Porchetta isn’t the sort of dish anyone in Italy contemplates cooking for oneself at home. After all, there, it's a whole, gutted, boned, and stuffed pig spit-roasted over an open fire or roasted in a large oven. Plus, porchetta's sold almost everywhere anyways. But, if you don’t live in Italy and want to make porchetta, there’s a way to cook a more modest section of the pig and get close to the same result.
While there is a bit of a discussion as to whether or not one should cook porchetta quickly or slowly, I’m firmly in the slow-cooking camp. It allows the meat to breakdown and become meltingly tender and soft, even while you continue cook it to beyond done. In addition to slow cooking, you need the following essentials: A piece of pork, such as the shoulder, with the skin still attached to it (the crispy, crackling skin is a porchetta hallmark) and flavoring. Wild fennel pollen is so closely associated with porchetta any other meat, such as rabbit or duck, cooked with fennel pollen is said to be “in porchetta”. This dried aromatic piney spice is combined with plenty of rosemary, sage, garlic, salt, and black pepper and is used to season the porchetta aggressively.
Usually, I make porchetta at home with two different cuts of meat, depending on what’s available and how many people I’m cooking for. The first way is to use a pork shoulder bone in or out (I always think on the bone cooks more flavor into it) with the skin attached. I score the skin in a diamond cross hatch pattern—using a brand new box cutter—and stab the meat all over, stuffing the fennel pollen, herb, garlic, salt paste into the cuts, and then smearing underneath the pork shoulder with the leftover rub.
I tie the roast to let it cook evenly. Now, this tying a porchetta or anything seems complicated, and while it does require some practice, once you get the hang of it it’s pretty simple. When I was a young chef, I practiced how to do so on zucchini, but I don't think you need to be that obsessive. Here’s how to do it (and check out the video above!):
Cut yourself a long piece of cotton butcher twine (about 10-20 times longer than the roast you want to tie). You want the string to be long enough you don’t run out in the middle, but not so long you’re going crazy dealing with tangled twine.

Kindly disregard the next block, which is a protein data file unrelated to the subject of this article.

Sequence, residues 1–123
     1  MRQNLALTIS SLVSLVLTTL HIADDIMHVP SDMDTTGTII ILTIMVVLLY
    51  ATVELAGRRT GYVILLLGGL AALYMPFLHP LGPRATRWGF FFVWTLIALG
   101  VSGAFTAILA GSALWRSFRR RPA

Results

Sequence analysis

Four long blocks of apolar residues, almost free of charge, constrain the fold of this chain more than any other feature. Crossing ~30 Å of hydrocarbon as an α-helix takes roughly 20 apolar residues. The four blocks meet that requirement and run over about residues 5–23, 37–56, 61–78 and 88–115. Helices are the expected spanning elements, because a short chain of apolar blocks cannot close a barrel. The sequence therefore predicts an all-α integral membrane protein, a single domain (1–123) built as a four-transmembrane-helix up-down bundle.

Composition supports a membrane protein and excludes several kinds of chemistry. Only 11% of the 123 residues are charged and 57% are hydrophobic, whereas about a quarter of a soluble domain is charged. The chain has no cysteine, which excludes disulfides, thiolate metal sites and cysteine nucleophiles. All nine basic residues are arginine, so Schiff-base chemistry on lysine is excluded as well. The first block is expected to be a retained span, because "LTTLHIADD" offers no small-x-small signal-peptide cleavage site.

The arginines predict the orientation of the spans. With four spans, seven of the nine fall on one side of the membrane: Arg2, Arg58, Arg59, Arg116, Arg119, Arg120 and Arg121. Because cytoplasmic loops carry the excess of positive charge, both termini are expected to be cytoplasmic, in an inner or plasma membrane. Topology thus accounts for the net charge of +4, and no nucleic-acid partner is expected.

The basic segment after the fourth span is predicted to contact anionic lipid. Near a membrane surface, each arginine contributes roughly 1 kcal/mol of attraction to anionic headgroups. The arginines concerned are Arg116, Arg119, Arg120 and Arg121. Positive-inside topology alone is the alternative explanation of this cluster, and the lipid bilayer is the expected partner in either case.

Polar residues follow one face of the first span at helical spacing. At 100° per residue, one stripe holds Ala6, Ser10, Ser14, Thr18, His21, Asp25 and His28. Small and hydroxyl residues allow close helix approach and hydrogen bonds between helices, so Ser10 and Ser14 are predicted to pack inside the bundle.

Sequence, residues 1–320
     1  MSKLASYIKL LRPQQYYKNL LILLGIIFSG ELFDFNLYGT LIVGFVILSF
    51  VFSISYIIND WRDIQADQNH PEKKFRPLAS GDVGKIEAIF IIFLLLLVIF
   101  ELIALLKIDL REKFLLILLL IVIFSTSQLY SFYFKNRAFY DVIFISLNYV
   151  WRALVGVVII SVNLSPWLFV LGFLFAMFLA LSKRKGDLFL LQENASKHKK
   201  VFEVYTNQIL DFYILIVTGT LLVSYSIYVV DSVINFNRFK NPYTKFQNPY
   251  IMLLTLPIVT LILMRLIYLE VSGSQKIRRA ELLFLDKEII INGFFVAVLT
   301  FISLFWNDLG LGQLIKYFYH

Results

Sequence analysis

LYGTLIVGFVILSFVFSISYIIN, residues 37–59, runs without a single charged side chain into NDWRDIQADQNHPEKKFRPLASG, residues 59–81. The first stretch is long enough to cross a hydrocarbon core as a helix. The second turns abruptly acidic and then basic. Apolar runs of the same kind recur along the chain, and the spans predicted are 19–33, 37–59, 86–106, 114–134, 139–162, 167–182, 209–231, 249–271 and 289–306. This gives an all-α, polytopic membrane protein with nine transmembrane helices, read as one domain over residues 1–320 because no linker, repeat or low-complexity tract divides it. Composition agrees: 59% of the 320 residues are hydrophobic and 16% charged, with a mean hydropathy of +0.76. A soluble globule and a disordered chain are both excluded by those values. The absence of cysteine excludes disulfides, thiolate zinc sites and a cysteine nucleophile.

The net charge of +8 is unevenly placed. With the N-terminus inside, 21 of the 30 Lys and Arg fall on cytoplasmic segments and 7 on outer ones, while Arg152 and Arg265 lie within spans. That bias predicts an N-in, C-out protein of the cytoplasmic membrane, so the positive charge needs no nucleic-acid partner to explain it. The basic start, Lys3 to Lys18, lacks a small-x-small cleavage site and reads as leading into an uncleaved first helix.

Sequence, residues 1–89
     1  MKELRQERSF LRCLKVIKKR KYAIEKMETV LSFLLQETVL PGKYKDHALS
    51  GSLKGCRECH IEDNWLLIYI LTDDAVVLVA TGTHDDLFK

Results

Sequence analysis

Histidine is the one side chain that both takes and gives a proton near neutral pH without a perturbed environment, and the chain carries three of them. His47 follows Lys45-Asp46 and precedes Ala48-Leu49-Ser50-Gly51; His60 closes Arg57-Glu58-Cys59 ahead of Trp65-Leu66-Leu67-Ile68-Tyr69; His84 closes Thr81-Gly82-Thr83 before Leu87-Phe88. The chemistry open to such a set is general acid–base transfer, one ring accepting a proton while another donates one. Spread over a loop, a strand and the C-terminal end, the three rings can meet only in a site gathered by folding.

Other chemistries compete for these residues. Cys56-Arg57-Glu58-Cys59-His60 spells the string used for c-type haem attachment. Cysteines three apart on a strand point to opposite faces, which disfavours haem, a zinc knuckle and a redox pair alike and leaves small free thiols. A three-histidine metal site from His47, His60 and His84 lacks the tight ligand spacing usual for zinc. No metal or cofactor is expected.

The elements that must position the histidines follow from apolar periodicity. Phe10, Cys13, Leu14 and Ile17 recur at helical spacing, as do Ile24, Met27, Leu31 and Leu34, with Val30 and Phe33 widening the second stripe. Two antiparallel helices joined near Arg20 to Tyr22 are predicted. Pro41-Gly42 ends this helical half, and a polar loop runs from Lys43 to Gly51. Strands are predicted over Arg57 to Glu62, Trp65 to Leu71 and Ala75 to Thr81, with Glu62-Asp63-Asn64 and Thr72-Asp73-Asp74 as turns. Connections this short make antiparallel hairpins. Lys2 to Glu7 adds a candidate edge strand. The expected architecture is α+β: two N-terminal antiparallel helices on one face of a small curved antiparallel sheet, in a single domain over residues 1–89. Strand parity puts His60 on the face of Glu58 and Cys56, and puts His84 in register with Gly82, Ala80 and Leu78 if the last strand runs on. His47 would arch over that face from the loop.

Starting at one end, tie a tight loop around the roast. After tying you should have one piece of quite short string and the whole length of the rest of the string on the other side.
Form a loop and slide the loop over the roast. Pull tight (as tight as you can!) then continue down the roast, making loops and pulling tight. You should be tying the roast every 1 to 3 inches.
When you get to the end, you can trim the string and be ready to go. However, you can, if you like, go back and check to make sure the twine is even and tight. I like to flip the roast over and run the twine down the other side, looping it into and around the bands of twine holding the roast together. Then, I pull it tight again, evening everything out, and flip the roast over, bringing the string up and tying it to the first loop. After that, the string just trim the strings and you’re set.
Phew! You’re done tying the roast. Now, slow cook it at 200 or 250 °F for 8-9 hours. The fatty striation of the pork shoulder meat takes well to long, slow cooking, with the fat continually basting the meat as it renders out. When it’s done, I pull it out of the oven crank the heat up to 500 °F and put it back in the oven for 10-15 minutes to crisp up the skin. Remove from the oven once again and let it rest 10 to 15 minutes before slicing and serving.
To get a porchetta that’s closer to the traditional Italian version (with all its variety of cuts, like the lean loin, fatty belly, and dark bits), you need to upgrade to a pork loin wrapped in a skin-on pork belly. If you’re lucky enough to have a good butcher in your neighborhood, you can get them to cut you a piece of pork specifically where the belly remains attached to the loin and simply wrap the belly all the way around the loin after scoring the skin and seasoning the meat. I would cook it the exact same way (aka long and slow) until soft and done, pull it out of the oven while the oven preheats, crank the oven’s heat to high, and then return it to the oven crisp up the skin. After it comes out of the oven the second time, let it rest.
As for what to do with porchetta, I either put it in sandwiches or serve it on a plate with beans and greens. Either way, when I cut it up I try to get a little bit of everything on the plate: the crispy skin, fat-braised meat, lean loin, and highly seasoned dark meat pieces. Porchetta’s a messy undertaking, but well, well worth it.
Do you have any questions about porchetta? Ask us in the comments!